For decoding an array of GroceryProduct (or any other Collection):

let decoder = JSONDecoder()
let throwables = try decoder.decode([Throwable<GroceryProduct>].self, from: json)
let products = throwables.compactMap { $0.value }

where value is a computed property introduced in an extension on Throwable:

extension Throwable {
    var value: T? {
        switch self {
        case .failure(_):
            return nil
        case .success(let value):
            return value
        }
    }
}

I would opt for using a enum wrapper type (over a Struct) because it may be useful to keep track of the errors that are thrown as well as their indices.

Swift 5

For Swift 5 Consider using the Result enum e.g.

struct Throwable<T: Decodable>: Decodable {
    let result: Result<T, Error>

    init(from decoder: Decoder) throws {
        result = Result(catching: { try T(from: decoder) })
    }
}

To unwrap the decoded value use the get() method on the result property:

let products = throwables.compactMap { try? $0.result.get() }
| improve this answer | |
  • I like this answer because I don't have to worry about writing any custom init – Mihai Fratu Sep 10 '18 at 10:31
  • This is the solution I was looking for. It's so clean and straightforward. Thank you for this! – naturaln0va Jan 16 at 16:19
24

The problem is that when iterating over a container, the container.currentIndex isn’t incremented so you can try to decode again with a different type.

Because the currentIndex is read only, a solution is to increment it yourself successfully decoding a dummy. I took @Hamish solution, and wrote a wrapper with a custom init.

This problem is a current Swift bug: https://bugs.swift.org/browse/SR-5953

The solution posted here is a workaround in one of the comments. I like this option because I’m parsing a bunch of models the same way on a network client, and I wanted the solution to be local to one of the objects. That is, I still want the others to be discarded.

I explain better in my github https://github.com/phynet/Lossy-array-decode-swift4

import Foundation

    let json = """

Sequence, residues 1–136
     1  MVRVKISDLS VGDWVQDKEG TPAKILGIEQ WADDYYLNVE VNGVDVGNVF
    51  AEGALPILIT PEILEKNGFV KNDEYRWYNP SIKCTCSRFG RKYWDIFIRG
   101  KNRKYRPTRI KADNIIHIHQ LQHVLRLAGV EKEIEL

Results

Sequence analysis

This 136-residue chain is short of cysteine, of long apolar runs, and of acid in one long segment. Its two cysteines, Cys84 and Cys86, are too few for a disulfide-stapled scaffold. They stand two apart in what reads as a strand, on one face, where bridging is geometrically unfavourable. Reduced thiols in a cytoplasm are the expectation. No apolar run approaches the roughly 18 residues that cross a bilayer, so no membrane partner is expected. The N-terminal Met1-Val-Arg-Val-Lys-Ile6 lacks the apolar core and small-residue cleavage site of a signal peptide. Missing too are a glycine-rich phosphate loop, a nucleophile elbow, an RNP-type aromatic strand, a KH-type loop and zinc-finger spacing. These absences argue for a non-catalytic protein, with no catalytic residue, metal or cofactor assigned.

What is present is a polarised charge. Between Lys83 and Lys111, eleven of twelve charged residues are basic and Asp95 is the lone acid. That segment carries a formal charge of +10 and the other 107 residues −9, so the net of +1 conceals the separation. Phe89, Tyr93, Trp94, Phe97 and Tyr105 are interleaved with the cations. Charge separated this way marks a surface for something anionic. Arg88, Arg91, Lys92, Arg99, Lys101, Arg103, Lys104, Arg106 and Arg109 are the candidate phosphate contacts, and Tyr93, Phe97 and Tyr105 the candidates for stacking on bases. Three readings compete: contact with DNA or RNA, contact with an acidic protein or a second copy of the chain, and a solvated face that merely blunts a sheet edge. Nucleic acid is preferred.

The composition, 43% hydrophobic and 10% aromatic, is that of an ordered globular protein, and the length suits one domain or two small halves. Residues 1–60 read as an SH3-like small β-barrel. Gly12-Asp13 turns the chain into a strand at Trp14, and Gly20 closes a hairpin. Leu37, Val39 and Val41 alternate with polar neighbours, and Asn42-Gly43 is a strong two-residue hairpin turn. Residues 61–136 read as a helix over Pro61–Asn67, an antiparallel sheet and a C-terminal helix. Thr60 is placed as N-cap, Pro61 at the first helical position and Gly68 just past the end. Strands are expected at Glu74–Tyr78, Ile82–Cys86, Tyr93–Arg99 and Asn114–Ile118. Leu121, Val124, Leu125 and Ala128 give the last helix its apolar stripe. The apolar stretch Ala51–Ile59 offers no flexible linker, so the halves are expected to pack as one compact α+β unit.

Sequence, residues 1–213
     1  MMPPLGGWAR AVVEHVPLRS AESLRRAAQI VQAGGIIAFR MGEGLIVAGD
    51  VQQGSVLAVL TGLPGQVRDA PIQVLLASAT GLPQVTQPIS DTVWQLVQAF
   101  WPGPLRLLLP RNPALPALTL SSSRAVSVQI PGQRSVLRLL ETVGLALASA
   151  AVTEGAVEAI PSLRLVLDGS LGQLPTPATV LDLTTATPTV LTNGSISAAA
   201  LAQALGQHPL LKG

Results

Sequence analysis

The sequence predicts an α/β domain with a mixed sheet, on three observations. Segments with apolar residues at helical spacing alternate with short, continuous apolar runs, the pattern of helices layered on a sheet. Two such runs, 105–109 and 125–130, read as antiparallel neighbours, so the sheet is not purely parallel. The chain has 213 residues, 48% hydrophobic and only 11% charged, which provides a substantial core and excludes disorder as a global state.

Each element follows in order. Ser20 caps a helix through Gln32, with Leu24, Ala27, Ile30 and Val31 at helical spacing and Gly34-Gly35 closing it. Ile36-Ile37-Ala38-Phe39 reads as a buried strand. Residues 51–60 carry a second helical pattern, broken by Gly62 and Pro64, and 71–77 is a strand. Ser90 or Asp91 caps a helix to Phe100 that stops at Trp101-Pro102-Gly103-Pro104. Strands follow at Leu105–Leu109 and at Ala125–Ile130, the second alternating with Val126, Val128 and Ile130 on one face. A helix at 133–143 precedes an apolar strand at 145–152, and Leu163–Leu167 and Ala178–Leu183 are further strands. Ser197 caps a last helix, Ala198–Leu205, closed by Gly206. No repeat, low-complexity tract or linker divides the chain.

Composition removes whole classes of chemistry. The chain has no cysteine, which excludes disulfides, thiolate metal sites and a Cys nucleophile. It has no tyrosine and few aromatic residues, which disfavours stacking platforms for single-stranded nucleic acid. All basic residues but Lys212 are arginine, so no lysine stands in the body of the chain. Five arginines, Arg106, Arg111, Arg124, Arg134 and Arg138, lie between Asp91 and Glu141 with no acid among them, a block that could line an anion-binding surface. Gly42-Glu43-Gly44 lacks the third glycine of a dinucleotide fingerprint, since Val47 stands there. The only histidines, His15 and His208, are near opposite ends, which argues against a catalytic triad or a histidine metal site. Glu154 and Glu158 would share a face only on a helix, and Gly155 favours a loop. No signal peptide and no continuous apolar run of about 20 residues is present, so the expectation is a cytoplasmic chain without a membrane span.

[
        {
            "name": "Banana",
            "points": 200,
            "description": "A banana grown in Ecuador."
        },
        {
            "name": "Orange"
        }
    ]
    """.data(using: .utf8)!

    private struct DummyCodable: Codable {}

    struct Groceries: Codable 
    {
        var groceries: [GroceryProduct]

        init(from decoder: Decoder) throws {
            var groceries = [GroceryProduct]()
            var container = try decoder.unkeyedContainer()
            while !container.isAtEnd {
                if let route = try? container.decode(GroceryProduct.self) {
                    groceries.append(route)
                } else {
                    _ = try? container.decode(DummyCodable.self) // <-- TRICK
                }
            }
            self.groceries = groceries
        }
    }

    struct GroceryProduct: Codable {
        var name: String
        var points: Int
        var description: String?
    }

    let products = try JSONDecoder().decode(Groceries.self, from: json)

    print(products)
| improve this answer | |
  • 1
    One variation, instead of an if/else I use a do/catch inside the while loop so I can log the error – Fraser Dec 4 '17 at 23:00
  • 2
    This answer mentions the Swift bug tracker and has the simplest additional struct (no generics!) so I think it should be the accepted one. – Alper Sep 6 '18 at 7:26
  • 2
    This should be the accepted answer. Any answer that corrupts your data model is an unacceptable tradeoff imo. – Joe Susnick Mar 14 '19 at 17:48
21

There are two options:

  1. Declare all members of the struct as optional whose keys can be missing

    struct GroceryProduct: Codable {
        var name: String
        var points : Int?
        var description: String?
    }
    
  2. Write a custom initializer to assign default values in the nil case.

    struct GroceryProduct: Codable {
        var name: String
        var points : Int
        var description: String
    
        init(from decoder: Decoder) throws {
            let values = try decoder.container(keyedBy: CodingKeys.self)
            name = try values.decode(String.self, forKey: .name)
            points = try values.decodeIfPresent(Int.self, forKey: .points) ?? 0
            description = try values.decodeIfPresent(String.self, forKey: .description) ?? ""
        }
    }
    
| improve this answer | |
  • 5
    Instead of try? with decode it's better to use try with decodeIfPresent in second option. We need to set default value only if there is no key, not in case of any decoding failure, like when key exists, but type is wrong. – user28434 Sep 22 '17 at 15:55